This study shows a correlation between the stability of the poles and the intensity of the field, meaning there’s likely a single mechanism in the Earth governing the magnetic field. The news comes as a bit of a relief for scientists who would otherwise have to uncover multiple interacting mechanisms to create a working model.

The findings also suggest that humanity is in for a surprise in the not-too-distant future. Since the Earth’s magnetic field has been decreasing in intensity for the last several thousand years, and the intensity and likelihood of pole reversals are linked, in as little as a few centuries we may see the Earth’s magnetic poles flip, sending everyone’s compasses angling toward the South Pole.

Tarduno plans to extend these studies into the very ancient Earth in the hopes of discovering how the Earth came to have a magnetic field at all.

The research was funded by the National Science Foundation and the Canadian Polar Shelf Project.

Jonathan Sherwood | EurekAlert!

More articles from Earth Sciences:

nachricht In times of climate change: What a lake’s colour can tell about its condition
21.09.2017 | Leibniz-Institut für Gewässerökologie und Binnenfischerei (IGB)

nachricht Did marine sponges trigger the ‘Cambrian explosion’ through ‘ecosystem engineering’?
21.09.2017 | Helmholtz-Zentrum Potsdam - Deutsches GeoForschungsZentrum GFZ

All articles from Earth Sciences >>>

The most recent press releases about innovation >>>

Die letzten 5 Focus-News des innovations-reports im Überblick:

Im Focus: LaserTAB: More efficient and precise contacts thanks to human-robot collaboration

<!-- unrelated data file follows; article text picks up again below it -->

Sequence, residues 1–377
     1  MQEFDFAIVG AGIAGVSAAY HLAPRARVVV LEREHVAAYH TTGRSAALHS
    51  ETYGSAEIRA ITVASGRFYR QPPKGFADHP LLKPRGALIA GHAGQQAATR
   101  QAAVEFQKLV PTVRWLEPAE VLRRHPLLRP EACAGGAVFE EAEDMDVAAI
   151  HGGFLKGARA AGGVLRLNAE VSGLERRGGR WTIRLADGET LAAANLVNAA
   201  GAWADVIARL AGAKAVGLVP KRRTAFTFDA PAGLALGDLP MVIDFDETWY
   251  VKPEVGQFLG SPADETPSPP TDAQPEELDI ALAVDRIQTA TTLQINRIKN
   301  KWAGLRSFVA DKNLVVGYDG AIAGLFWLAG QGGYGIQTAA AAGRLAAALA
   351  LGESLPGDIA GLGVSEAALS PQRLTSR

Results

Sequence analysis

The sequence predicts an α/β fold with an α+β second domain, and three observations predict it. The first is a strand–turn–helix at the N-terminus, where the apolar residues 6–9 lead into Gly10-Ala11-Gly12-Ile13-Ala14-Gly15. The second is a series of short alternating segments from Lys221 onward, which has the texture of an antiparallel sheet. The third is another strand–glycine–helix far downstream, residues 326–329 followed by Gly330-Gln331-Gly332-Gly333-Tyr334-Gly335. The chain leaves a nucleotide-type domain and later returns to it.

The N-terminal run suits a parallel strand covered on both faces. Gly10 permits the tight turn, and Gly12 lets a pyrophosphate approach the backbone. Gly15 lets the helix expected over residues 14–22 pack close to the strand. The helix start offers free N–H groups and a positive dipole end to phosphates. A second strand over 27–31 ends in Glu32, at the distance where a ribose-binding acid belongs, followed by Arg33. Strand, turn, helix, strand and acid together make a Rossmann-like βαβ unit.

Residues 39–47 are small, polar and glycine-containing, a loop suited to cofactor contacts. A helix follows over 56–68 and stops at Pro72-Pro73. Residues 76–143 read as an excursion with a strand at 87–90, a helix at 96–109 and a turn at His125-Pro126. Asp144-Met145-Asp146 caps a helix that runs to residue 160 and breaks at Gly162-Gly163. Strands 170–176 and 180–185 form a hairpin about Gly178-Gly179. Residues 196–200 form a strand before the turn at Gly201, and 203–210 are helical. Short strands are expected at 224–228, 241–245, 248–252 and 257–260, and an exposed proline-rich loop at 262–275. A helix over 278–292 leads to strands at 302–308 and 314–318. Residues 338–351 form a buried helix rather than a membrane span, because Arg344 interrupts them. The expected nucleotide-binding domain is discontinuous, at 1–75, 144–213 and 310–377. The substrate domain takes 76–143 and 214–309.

At the productronica trade fair in Munich this November, the Fraunhofer Institute for Laser Technology ILT will be presenting Laser-Based Tape-Automated Bonding, LaserTAB for short. The experts from Aachen will be demonstrating how new battery cells and power electronics can be micro-welded more efficiently and precisely than ever before thanks to new optics and robot support.

Fraunhofer ILT from Aachen relies on a clever combination of robotics and a laser scanner with new optics as well as process monitoring, which it has developed...

Im Focus: The pyrenoid is a carbon-fixing liquid droplet

Plants and algae use the enzyme Rubisco to fix carbon dioxide, removing it from the atmosphere and converting it into biomass. Algae have figured out a way to increase the efficiency of carbon fixation. They gather most of their Rubisco into a ball-shaped microcompartment called the pyrenoid, which they flood with a high local concentration of carbon dioxide. A team of scientists at Princeton University, the Carnegie Institution for Science, Stanford University and the Max Plank Institute of Biochemistry have unravelled the mysteries of how the pyrenoid is assembled. These insights can help to engineer crops that remove more carbon dioxide from the atmosphere while producing more food.